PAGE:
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I've just discovered that a former colleague is now working on some research ideas that I developed and laid the groundwork for now that I have left academia following failure to obtain funding. I'm happy that the work is being done, but feel that it would have been courteous to let me know that they were doing so. Are either of us in the wrong here?

History: I did my PhD and a 3-year postdoc in a UK lab where we were expected to act very independently. As such I developed my own line of research during my PhD but didn't have time to publish the results until after I'd completed. I wanted to keep working on that line of work, so wrote a grant proposal with my supervisor, who acted as PI (I was named postdoc) which we were awarded.

During the postdoc, for complicated reasons, I developed another strand of independent research, with some guidance from a research fellow in the lab.

This strand then formed the basis of a large fellowship proposal that I was nearly awarded, but ultimately was unsuccessful. The fellow in the lab (who had a proleptic lectureship) acted as the academic host for the proposal.

Following a number of unsuccessful fellowship proposals, I undertook another postdoc for a year, then decided to take a different job and am now a software engineer at another UK university.

Situation: I've recently seen on twitter that the fellow who I had been working with (now lecturer) is now working on the project that I had proposed for my unsuccessful fellowship bid. We've had little contact in the intervening time and they've made no attempt to discuss this with me.

I know that it's kind of clear that I'm following a different path, and I'm happy to be doing so. But I'm a little upset that they wouldn't even send me an email to say "Hey, remember the stuff you came up with, well we got some money to do it etc.."

Am I wrong to be upset by this?

It's a small field, and my experience of my 7 or so years working in the area was that we all tried to be collegiate and courteous and not step on each others' toes. So this seems a little out of sorts.

I don't think there's anything to be done about this, but it has got under my skin for someone I trusted to have no qualms about using ideas I worked to develop whilst I had to leave the field to find work.

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    Your colleagues need to avoid plagiarism, by not presenting your ideas as their own. So, acknowledgement may be required here, but that is all. It would have been courteous, of course, had they asked you to participate. – Buffy Feb 26 at 14:24
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    +1 to @Buffy's comments, but I will add that it's a common assumption that someone who has left academia is typically not interested in keeping up with it. So I would give the other party the benefit of the doubt that they didn't bother to mention it to you because they assumed (possibly wrongly, but reasonably) that you no longer had a stake in it. I've had a few collaborators who've left math and I don't tell them (or sometimes even those still in academia) every time I do something based on our earlier joint work. – Kimball Feb 27 at 0:58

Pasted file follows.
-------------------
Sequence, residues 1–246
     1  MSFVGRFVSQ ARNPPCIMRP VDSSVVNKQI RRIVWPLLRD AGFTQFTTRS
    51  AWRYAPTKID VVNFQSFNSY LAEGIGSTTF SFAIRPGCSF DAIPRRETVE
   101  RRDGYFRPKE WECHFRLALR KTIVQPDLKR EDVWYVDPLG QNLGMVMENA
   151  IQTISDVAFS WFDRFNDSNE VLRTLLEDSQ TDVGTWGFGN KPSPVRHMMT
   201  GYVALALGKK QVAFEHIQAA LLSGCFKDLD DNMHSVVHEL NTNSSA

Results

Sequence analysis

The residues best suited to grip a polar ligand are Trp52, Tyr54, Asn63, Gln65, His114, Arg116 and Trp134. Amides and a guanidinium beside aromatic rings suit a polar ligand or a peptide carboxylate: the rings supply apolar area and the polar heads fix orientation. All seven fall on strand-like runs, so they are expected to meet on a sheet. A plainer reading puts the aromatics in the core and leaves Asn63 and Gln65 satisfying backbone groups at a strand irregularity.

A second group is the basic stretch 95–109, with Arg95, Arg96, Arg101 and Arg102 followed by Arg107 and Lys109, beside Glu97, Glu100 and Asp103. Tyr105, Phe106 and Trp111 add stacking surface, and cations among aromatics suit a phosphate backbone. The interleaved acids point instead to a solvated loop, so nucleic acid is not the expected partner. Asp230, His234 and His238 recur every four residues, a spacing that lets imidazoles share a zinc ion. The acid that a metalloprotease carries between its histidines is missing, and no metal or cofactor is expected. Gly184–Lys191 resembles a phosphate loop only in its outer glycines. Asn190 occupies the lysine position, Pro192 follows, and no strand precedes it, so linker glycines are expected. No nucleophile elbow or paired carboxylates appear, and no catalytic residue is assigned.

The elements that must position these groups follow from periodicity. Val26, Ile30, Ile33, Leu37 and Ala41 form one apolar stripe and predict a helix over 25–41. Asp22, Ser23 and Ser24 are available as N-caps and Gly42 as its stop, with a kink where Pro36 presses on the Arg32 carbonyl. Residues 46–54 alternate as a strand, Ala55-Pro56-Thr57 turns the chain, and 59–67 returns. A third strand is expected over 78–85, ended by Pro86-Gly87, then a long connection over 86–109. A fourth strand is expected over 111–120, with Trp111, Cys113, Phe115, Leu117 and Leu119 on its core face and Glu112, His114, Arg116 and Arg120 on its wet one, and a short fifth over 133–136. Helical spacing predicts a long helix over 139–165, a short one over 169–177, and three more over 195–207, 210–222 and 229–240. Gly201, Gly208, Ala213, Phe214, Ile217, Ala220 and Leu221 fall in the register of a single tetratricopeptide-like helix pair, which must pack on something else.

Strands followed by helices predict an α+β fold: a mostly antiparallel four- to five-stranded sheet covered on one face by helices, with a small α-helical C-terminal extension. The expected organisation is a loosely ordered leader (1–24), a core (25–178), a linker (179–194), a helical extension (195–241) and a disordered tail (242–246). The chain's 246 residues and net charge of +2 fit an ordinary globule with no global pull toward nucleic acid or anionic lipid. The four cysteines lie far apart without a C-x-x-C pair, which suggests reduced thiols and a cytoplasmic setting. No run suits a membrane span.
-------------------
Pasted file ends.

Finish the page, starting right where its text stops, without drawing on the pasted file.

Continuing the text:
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    Ideas deserve to live. Originators deserve credit or at least the opportunity to credit. You should have been told. I even sometimes let past students I have contact with - no longer in academia - know what happened with their ideas, even if just for the interest. – Captain Emacs Feb 27 at 1:24
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    Don't you feel like a "well we got some money to do it" email could be rubbing your nose in it, especially if you haven't been in touch in some time? I can see an email if they publish something substantial, but how would you feel receiving a "so we're going to work on this without you. hope you're well" email? Would that actually make you feel better, or just bitter that you're not a part of it? – Zach Lipton Feb 27 at 5:28
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    If you find this upsetting, you're reeeeally not going to like industry. – user3067860 Feb 27 at 12:16
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Is it okay to work on colleagues' ideas after they leave academia?

I'm going to be blunt: yes, absolutely yes. What is the other option? That the progress of humanity should be stifled because you didn't get a job?

Ideas do not belong to anyone. The way I read it, you did not even come up with the idea independently, but "with some guidance from a research fellow in the lab". Look at it from the fellow perspective: they helped someone develop a research proposal, the person didn't get a job and the grant wasn't awarded, the person left academia, and (correct me if I'm wrong) made no effort to keep in touch with the fellow and/or work on the topic again. What is the fellow supposed to do now? Trash the idea, waste all the time spent helping the other person?

This happens all the time of academia. Supervisor helps a student/postdoc develop a research proposal, the proposal fails, the student/postdoc leaves academia. Now what? Is the idea not good anymore? There's no reason not to continue working on it.

Now let's answer your apparent actual question:

I know that it's kind of clear that I'm following a different path, and I'm happy to be doing so. But I'm a little upset that they wouldn't even send me an email to say "Hey, remember the stuff you came up with, well we got some money to do it etc.."

Am I wrong to be upset by this?